I ended my last post (here) wondering how I would feel after I had finished reading Daniel Gilbert’s book, “Stumbling on happiness”. In particular, I wondered how I would feel if the author managed to persuade me that I was wrong in believing that individual humans have the capacity to look forward in order to choose the best future for themselves.
I need not have been concerned. This is a lively and interesting book, but it seems to me that Gilbert has not succeeded in demonstrating that we are unable to shop around among the different fates that might befall us. Perhaps he mis-stated his intention in the first chapter. His book certainly demonstrates that we experience illusions of foresight – more illusions than I had imagined we experience. It concludes, however, with a recommendation about how we can make more accurate predictions about our emotional futures. The author suggests that we can do this by observing how happy other people are in different circumstances rather than by trying to imagine how happy we would be in those circumstances in the future.
Gilbert acknowledges that because everyone is unique the emotional experience of others is an imperfect guide to how we might feel. He suggests, however, that we tend to make greater errors when we reject the lessens that the emotional experience of others has to teach us and rely exclusively on our attempts to imagine how we might feel in those circumstances.
It seems to me that by the end of his book Daniel Gilbert is acknowledging that humans do have the capacity to look forward in order to choose a better future for themselves and can improve their use of this capacity. In effect, this view is consistent with, economist, Gary Becker’s view (“Accounting for Tastes”, 1996, p11) that the capacity that people have to anticipate future utilities can be improved by developing “imagination capital”.
Ironically, Daniel Gilbert implies that if individuals were more effective in pursuing their own happiness this could have adverse consequences. The example he gives is having children. There is a common belief that children bring happiness, even though people who are married without children report being happier, on average, than those with children living at home. Gilbert suggests that “the belief that children are a source of happiness becomes part of our cultural wisdom simply because the opposite belief unravels the fabric of any society that holds it” (p244). He notes that the opposite belief would actually be self-terminating because people acting upon it would fail to reproduce.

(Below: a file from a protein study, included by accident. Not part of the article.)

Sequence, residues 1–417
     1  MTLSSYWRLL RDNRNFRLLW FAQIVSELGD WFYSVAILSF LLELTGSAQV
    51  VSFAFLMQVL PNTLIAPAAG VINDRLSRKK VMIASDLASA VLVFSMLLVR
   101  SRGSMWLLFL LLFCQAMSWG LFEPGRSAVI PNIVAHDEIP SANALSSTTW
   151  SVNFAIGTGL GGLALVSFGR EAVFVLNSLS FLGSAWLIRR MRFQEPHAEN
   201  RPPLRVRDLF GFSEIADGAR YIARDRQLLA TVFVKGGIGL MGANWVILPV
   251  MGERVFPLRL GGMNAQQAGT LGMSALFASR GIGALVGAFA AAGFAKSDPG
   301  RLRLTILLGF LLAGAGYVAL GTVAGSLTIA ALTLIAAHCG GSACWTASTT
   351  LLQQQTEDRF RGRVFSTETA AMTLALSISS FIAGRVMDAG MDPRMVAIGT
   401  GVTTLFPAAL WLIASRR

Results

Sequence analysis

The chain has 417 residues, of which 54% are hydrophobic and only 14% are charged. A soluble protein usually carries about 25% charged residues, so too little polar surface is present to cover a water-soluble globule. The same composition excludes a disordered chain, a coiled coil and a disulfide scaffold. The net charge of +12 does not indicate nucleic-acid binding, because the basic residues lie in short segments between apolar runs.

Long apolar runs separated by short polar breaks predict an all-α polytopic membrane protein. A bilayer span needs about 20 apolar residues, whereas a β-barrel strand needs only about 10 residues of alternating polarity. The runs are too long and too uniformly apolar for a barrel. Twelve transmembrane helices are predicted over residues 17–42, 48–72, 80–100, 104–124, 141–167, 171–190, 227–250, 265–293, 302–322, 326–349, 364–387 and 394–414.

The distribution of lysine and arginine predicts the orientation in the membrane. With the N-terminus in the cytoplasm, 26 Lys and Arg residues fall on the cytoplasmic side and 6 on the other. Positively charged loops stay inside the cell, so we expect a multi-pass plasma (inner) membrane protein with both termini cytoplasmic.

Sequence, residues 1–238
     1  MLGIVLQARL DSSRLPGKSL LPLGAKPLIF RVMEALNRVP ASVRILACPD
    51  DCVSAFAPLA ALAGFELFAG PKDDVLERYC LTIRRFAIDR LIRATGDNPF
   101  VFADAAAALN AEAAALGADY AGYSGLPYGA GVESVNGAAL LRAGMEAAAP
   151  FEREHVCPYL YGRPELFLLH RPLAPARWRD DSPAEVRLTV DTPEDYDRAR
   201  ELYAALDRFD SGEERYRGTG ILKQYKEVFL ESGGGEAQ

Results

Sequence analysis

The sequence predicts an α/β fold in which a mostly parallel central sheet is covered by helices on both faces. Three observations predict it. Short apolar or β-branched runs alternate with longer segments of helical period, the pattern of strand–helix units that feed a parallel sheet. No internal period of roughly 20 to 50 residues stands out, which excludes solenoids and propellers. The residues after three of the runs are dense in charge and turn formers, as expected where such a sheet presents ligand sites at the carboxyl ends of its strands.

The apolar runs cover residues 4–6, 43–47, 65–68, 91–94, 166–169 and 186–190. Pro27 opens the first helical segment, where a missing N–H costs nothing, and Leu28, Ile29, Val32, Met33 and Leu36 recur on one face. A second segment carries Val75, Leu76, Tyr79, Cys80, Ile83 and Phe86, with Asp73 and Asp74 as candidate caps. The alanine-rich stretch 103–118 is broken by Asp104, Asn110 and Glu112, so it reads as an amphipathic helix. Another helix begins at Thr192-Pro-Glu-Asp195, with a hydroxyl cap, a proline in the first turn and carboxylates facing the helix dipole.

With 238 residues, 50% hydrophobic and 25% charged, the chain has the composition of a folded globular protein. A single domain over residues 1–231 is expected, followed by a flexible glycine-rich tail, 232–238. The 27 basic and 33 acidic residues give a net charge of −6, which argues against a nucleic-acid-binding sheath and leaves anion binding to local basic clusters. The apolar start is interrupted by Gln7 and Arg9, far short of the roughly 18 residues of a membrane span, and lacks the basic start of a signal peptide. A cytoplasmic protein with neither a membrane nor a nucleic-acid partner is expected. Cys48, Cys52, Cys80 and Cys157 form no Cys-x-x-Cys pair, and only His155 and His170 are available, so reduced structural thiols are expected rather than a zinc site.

It seems to me that this apparent conflict between pursuit of happiness and human flourishing stems from either too narrow a definition of happiness or failure to recognise that people pursue some objectives that are not encompassed by a narrow definition of happiness. Gilbert wants to reserve ‘happiness’ to refer to “that class of subjective emotional experiences that are vaguely described as enjoyable or pleasurable” (p 41). This corresponds to what Daniel Nettle describes as Level 1 happiness (“Happiness”, 2005). He suggests that when people say they are happy with their lives they are reporting Level 2 happiness: “They mean that upon reflection on the balance sheet of pleasures and pains, they feel the balance to be reasonably positive over the long term” (p17). Level 3 happiness involves “making judgements about what the good life consists of and the extent to which one’s life fulfils it” (p23). Thus the belief that “children are a source of happiness” may be linked to individuals’ conscious perceptions of the “good life” rather than just “part of our cultural wisdom”.
Is Daniel Gilbert’s book relevant to anyone who wants to pursue the “good life’ rather than Gilbert’s narrower perception of happiness? Yes. It seems to me that anyone seeking to choose between alternative futures could benefit from greater knowledge of the illusions of foresight discussed in this book.
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